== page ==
Recent research has shown that people who remained in jail until their trial were at least three times as likely to be sentenced to prison or jail and received sentences more than twice as long as those who had been released. It found the longer a low- or moderate-risk defendant was detained, the more likely he or she was to re-offend or miss court dates. And it found money bail wasn't keeping communities safe: Half of the highest-risk defendants were able to make bail.
Longer jail times, Burdeen explained, often means lost jobs, benefits, or housing.
Even by talking about bringing in fugitives, the courts were missing the point, she said.
"The vast majority of people who fail to appear in court are not . . . trying to evade justice. For the most part, these are people who the courts don't provide robust reminder systems, much like you or I get for haircuts or doctor's appointments. The courts didn't provide practices that doctors' offices and salons learned a long time ago can nearly eradicate failure to appear."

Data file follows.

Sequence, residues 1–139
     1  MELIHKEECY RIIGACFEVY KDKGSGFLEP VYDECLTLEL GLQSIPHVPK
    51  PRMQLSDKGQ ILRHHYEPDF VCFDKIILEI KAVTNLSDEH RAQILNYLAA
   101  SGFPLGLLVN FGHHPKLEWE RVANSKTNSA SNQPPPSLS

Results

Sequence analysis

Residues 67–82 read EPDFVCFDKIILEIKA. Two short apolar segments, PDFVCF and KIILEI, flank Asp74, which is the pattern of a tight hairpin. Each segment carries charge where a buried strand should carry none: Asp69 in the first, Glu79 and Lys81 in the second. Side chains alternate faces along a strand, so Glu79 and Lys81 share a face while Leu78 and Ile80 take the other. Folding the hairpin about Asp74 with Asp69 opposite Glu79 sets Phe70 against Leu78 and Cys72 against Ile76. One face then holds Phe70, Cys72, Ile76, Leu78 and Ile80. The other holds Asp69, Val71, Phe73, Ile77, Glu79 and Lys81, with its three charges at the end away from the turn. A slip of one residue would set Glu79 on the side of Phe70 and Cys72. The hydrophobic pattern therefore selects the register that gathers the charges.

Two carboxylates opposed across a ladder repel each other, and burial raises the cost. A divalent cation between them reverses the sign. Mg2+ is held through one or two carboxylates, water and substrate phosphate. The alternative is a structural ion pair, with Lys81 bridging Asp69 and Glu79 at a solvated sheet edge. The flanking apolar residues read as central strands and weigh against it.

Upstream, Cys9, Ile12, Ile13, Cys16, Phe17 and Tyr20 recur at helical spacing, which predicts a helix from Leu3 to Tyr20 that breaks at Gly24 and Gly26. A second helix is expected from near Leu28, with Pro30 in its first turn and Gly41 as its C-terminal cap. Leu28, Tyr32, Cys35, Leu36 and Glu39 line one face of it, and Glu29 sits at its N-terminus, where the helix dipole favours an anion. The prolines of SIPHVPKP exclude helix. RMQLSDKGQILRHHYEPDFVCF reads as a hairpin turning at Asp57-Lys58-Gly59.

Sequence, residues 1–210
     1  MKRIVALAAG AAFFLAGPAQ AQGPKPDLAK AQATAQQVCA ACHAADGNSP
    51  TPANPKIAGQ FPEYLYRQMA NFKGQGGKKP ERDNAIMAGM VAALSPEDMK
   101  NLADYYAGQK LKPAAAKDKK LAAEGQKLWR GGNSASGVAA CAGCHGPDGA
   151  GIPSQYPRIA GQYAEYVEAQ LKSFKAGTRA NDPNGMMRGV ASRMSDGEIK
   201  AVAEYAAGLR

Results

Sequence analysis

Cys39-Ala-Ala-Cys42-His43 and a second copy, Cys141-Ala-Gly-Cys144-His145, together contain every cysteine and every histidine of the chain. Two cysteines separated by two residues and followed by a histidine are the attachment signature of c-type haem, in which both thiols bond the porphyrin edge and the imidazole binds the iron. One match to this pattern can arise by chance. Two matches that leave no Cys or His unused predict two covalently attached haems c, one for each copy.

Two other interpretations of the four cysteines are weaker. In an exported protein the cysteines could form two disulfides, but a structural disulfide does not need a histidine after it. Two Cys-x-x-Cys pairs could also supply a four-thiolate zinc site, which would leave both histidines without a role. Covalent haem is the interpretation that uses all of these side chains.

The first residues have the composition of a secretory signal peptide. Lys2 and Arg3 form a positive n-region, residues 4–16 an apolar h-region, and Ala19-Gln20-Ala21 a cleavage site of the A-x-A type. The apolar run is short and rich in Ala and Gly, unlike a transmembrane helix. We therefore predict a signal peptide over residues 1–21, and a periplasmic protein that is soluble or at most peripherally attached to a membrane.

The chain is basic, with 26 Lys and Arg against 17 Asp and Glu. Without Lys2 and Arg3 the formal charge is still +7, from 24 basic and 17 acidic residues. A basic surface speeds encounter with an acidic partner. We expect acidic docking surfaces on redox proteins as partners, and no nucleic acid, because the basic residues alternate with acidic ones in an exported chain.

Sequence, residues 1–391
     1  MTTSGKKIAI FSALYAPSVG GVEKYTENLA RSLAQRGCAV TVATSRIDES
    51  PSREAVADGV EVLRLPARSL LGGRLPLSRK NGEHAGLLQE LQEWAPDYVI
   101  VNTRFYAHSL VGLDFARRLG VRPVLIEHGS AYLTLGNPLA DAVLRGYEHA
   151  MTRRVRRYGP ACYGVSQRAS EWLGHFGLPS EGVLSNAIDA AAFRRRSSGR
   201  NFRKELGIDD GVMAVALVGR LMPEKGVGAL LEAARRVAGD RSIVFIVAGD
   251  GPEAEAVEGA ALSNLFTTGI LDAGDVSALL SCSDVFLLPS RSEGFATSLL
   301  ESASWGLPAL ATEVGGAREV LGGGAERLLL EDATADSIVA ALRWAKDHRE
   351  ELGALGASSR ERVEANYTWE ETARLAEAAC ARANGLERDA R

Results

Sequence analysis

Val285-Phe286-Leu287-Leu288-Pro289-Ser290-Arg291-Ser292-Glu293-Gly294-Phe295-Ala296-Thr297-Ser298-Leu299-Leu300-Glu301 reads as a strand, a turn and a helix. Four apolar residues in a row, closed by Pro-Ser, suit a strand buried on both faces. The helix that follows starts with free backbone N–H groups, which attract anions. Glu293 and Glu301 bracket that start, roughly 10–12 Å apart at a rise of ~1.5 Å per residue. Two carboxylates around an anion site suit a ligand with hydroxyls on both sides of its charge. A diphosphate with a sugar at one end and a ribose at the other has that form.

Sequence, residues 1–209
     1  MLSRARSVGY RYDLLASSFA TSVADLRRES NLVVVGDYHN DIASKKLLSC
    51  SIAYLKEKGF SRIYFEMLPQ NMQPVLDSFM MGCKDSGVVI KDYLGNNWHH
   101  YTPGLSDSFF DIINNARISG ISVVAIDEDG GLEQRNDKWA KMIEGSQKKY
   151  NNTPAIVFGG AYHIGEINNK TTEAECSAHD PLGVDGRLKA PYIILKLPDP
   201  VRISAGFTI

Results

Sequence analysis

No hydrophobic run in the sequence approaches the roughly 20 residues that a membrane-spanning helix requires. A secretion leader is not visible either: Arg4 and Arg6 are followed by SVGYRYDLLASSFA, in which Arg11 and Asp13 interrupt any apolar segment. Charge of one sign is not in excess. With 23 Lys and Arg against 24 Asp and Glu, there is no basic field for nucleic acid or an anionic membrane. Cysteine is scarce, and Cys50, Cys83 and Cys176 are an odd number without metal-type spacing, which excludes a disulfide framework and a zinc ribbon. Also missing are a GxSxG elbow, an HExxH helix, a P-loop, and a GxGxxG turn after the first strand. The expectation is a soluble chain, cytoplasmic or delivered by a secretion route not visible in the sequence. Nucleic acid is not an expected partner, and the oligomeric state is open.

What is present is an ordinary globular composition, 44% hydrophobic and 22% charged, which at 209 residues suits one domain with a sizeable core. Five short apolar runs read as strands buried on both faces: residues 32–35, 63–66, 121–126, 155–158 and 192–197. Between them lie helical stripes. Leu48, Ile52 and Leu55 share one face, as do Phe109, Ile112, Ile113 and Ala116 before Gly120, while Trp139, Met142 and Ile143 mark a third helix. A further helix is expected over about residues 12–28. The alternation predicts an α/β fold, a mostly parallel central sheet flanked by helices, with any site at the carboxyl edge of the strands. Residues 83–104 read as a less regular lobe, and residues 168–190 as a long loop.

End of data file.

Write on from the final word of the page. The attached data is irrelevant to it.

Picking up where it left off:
Philadelphia now intends to add this mild-mannered approach to its arsenal.
This new era has drawn praise but also skepticism.
Angus Love of the Pennsylvania Institutional Law Project, who has worked on lawsuits concerning jail overcrowding for years, is wary.
"The track record is not good," he said. "How can you expect the people that are the problem to create the solution?"
The city has been defending itself against jail-overcrowding lawsuits for decades. Civil rights lawyers first sued the city in 1971, when the jails housed 2,700 inmates. So, over the years, the city built more jails, including the 650-bed Philadelphia Industrial Correctional Center in 1986 (now housing 981), and the 2,016-bed Curran-Fromhold Correction Center in 1994 (home to 2,733 today).